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TRC Final Report
Page Number (Original) 531
Paragraph Numbers 16 to 21
Detention and torture
16 Evidence before the Commission showed that the introduction of detention without trial in 1963 created the context for the systematic use of torture. Most reports of torture for this period emanated from the Johannesburg and Pretoria areas where the security police headquarters and the John Vorster Square police station were situated. Activists from around the country were brought to these centres for detention and interrogation.
17 The incidence of torture in detention increased markedly at the time of the launch of the armed campaigns of the ANC, PAC and the African Resistance Movement (ARM). Detentions peaked in 1963 with the raid on the ANC headquarters at Liliesleaf farm and with large-scale arrests of members of the PAC’s armed wing, Poqo.
18 Assault and torture in detention led increasingly to deaths in custody. The Johannesburg office of the Commission received statements from the relatives of the first person to die in detention in 1963, Mr Looksmart Ngudle [EC0127/96CCK], who was held under the ninety-day detention law. In 1965, further legislation extended the period a detainee could be held incommunicado to 180 days.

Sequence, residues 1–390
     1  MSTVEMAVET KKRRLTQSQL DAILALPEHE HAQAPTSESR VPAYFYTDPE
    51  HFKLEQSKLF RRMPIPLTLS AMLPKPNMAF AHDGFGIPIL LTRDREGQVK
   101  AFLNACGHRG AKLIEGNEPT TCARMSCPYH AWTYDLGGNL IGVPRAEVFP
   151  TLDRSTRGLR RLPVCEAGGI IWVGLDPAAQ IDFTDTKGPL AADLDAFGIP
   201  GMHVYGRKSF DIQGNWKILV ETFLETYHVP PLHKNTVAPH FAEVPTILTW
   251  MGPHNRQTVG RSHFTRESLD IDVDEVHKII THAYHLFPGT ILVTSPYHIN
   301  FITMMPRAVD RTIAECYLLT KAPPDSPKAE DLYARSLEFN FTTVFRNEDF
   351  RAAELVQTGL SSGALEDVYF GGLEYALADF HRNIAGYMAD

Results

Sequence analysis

19 In 1967, the Terrorism Act was introduced, providing for indefinite detention without trial. Soon after the introduction of this legislation, a spate of deaths in detention occurred. The Commission received statements from the families of three of the people who died while being held under this legislation. In these cases, official explanations included suicide by hanging, “slipped on a bar of soap” and “jumped from the tenth floor of John Vorster Square”. While forensic evidence indicated torture and assault in these cases, inquest reports found no one responsible for the deaths.
20 During this period, the only significant perpetrators of torture were the South African Police (SAP).
21 Victims of torture in this period told the Commission of the use of electric shocks, suffocation with a bag over the head and severe beating. A breakdown of the recorded types of torture reveals the difference between this period, when mental torture was recorded as the form most used, and later periods.